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Center for Regenerative Agriculture and Resilient Systems

How the Pandemic Shines a Spotlight on the Need for Food Security and Regenerative Agriculture

by Sheryl Karas M.A., CRARS staff

Covid-19 related news reports of meat packing plant closings and farmers dumping crops despite long lines of people attempting to access food banks are leading to concerns about food security. Although both the UN(opens in new window) and USDA(opens in new window)currently say that the global and national food supply is holding up with few disruptions and only temporary shortages in some locations, the pandemic is pointing out cracks in our supply chains that are raising alarm bells. Farmers are suffering the brunt of the hardship this creates so far and their workers are also some of the most vulnerable to the health crisis itself. On the other hand, small local growers and ranchers have been scrambling to quickly create and share new methods to survive while filling in gaps in the food supply. Most of our regenerative mentor farmers are part of these efforts so we thought we’d check in with them to see what they’ve been doing. And, because increased spread of infectious diseases(opens in new window) is part of what we can expect with climate change, the public’s growing awareness of pandemic-related food insecurity means there has never been a better time to talk about regenerative agriculture.

Understanding the Problems

 Our current approach to food production depends on long global food chains tied to enormous monoculture growers dependent on what we have long considered to be state of the art technology and agrichemical use to maintain high levels of yield (heavy tillage, fertilizers, pesticides and herbicide). And this approach has been extremely successful in terms of moving large quantities of food to feed people around the world. Plus, the globalization of the food supply is helpful because a bad wheat crop in the Midwest, for example, can usually be offset by suppliers someplace else. As a result, U.S. consumers almost never see shortages of food on the grocery store shelves. 

But in a pandemic, the consolidation of the food supply in the hands of relatively few large producers combined with long supply chains can lead to multiple points where things can go awry. For example, just two California farms supply 85% of the nation’s carrots(opens in new window). There have been no shortages of carrots, but since the health of farmworkers is potentially the weakest link in the chain during a pandemic, it is obvious how easy it could be for the supply of certain products to be disrupted at least temporarily in some parts of the country.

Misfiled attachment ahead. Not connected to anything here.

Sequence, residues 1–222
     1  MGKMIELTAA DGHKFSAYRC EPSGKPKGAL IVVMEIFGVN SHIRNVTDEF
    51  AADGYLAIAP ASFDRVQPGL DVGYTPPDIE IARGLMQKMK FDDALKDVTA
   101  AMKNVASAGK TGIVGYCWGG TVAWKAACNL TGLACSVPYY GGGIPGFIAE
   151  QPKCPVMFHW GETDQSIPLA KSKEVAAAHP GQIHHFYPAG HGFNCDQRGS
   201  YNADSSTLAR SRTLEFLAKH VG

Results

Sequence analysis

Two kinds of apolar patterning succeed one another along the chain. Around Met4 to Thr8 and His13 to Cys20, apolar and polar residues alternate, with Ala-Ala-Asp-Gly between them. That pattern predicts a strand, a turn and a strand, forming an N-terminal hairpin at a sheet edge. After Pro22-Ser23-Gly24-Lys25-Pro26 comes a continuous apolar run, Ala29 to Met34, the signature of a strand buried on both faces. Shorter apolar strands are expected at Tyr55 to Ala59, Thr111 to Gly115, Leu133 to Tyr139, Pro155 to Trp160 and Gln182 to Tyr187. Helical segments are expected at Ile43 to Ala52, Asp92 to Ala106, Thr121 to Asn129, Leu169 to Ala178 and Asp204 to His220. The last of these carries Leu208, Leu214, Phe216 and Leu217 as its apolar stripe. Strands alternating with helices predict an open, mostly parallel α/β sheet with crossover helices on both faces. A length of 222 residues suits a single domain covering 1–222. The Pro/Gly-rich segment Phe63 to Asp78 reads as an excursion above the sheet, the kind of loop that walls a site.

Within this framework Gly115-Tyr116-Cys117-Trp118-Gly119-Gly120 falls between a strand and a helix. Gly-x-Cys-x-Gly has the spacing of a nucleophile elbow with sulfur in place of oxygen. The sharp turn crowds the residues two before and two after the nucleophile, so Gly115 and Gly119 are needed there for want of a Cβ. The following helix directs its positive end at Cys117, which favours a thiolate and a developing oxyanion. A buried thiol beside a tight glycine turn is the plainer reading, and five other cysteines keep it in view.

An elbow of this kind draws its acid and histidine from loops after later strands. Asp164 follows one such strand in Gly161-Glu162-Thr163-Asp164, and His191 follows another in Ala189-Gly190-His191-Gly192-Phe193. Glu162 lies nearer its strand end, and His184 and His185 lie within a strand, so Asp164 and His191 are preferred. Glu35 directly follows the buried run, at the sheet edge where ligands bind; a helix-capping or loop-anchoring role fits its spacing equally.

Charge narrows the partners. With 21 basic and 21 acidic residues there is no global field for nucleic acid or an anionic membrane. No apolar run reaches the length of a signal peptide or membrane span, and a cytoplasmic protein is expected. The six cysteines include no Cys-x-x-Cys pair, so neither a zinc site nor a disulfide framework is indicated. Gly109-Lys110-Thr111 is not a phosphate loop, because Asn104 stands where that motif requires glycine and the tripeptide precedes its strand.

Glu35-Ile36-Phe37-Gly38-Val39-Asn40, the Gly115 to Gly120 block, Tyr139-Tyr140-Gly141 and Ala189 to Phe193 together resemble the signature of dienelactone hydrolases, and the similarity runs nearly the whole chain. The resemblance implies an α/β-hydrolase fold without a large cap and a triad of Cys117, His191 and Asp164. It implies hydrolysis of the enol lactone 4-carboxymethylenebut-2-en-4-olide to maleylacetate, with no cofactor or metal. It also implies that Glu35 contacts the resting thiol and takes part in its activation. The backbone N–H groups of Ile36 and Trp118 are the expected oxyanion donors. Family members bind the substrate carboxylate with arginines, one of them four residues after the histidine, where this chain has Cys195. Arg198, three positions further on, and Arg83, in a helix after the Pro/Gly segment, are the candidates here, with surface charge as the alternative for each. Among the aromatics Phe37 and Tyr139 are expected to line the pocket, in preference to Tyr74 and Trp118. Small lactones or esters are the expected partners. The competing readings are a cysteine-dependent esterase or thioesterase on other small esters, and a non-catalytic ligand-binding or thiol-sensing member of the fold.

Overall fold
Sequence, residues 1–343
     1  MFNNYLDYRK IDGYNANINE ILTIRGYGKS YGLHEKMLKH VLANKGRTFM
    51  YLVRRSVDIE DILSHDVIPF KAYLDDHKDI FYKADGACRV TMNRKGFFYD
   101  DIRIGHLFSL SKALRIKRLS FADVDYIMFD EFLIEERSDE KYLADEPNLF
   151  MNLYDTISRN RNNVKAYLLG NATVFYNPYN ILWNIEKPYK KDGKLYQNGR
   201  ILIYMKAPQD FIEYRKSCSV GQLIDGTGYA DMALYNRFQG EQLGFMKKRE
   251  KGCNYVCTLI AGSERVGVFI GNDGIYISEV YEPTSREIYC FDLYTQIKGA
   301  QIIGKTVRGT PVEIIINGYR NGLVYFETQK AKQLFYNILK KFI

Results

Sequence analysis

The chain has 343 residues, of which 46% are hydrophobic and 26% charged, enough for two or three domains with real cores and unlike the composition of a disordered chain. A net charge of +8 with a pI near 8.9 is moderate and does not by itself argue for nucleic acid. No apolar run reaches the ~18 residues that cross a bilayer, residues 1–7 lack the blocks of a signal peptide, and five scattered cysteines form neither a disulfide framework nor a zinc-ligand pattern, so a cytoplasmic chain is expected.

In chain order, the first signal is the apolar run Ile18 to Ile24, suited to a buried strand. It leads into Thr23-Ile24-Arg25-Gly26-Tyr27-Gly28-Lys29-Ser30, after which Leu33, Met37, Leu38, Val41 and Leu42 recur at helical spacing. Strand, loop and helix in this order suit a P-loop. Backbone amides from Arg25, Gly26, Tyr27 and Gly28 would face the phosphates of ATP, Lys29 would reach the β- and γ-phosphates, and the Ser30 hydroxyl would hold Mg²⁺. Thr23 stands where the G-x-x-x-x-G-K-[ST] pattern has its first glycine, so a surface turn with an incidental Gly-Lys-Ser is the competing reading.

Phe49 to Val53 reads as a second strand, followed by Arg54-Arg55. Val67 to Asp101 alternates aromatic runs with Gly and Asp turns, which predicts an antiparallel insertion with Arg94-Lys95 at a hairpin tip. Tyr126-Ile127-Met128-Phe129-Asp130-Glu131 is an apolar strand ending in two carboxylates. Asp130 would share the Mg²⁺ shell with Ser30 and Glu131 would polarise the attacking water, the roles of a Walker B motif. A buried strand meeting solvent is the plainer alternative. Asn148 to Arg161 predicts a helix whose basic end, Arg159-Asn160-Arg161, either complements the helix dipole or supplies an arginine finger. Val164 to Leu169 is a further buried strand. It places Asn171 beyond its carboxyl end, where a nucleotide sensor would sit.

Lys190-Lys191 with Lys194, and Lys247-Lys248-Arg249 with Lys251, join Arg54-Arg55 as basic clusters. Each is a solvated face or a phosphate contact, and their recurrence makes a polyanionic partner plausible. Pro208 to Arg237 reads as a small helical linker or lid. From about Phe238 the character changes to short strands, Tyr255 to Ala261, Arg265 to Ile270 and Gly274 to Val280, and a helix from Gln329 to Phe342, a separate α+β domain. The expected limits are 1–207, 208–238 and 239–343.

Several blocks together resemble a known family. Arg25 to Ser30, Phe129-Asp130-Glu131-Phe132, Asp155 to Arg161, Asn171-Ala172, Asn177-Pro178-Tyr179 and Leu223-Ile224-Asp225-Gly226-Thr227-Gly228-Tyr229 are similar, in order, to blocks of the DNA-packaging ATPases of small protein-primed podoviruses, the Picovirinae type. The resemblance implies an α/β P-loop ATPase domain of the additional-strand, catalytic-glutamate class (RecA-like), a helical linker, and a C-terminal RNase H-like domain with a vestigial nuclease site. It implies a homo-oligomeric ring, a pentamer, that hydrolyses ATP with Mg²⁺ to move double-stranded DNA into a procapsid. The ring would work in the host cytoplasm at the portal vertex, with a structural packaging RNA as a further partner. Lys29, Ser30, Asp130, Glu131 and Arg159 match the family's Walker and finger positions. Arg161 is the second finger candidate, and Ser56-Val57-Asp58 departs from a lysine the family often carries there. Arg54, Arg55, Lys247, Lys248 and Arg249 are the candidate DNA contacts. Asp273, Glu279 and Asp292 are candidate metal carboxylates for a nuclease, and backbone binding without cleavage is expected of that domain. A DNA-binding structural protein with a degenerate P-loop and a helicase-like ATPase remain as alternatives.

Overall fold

For example, it’s not hard to find eggs right now at the local supermarkets in Chico, CA. But that was not true just a couple of weeks ago. And when the general public sees one of their staple food items missing when they do their shopping, it sends out shock waves of fear. And, even though the president has called for meat-packing plants to be called essential businesses, news of meat-packing plant closures have already caused panic-buying and hoarding of meat. But that has created opportunities for several of our small regenerative mentor farmers to shift gears and provide solutions at least in their local communities.

What Our Mentor Farmers Have Been Doing

Like many small farmers, both Full Belly Farm(opens in new window) in Capay Valley in northern California and Singing Frogs Farm(opens in new window)in Sebastopol, CA report that they lost a large share of their businesses when restaurants in their region needed to shut down. However, they have both seen their CSA sales grow tremendously. Both have reached the maximum number of members they can currently serve and Singing Frogs Farm reports that they now have more people on the waiting list than members! They offered a one-time Salad Box to those wait list people while they figure out what other changes they can make and that sold out in 24 hours. Full Belly offers home delivery of their CSA boxes and Singing Farms has multiple CSA pick-up sites and currently still has Farmers Market outlets (with much increased sales) in their area.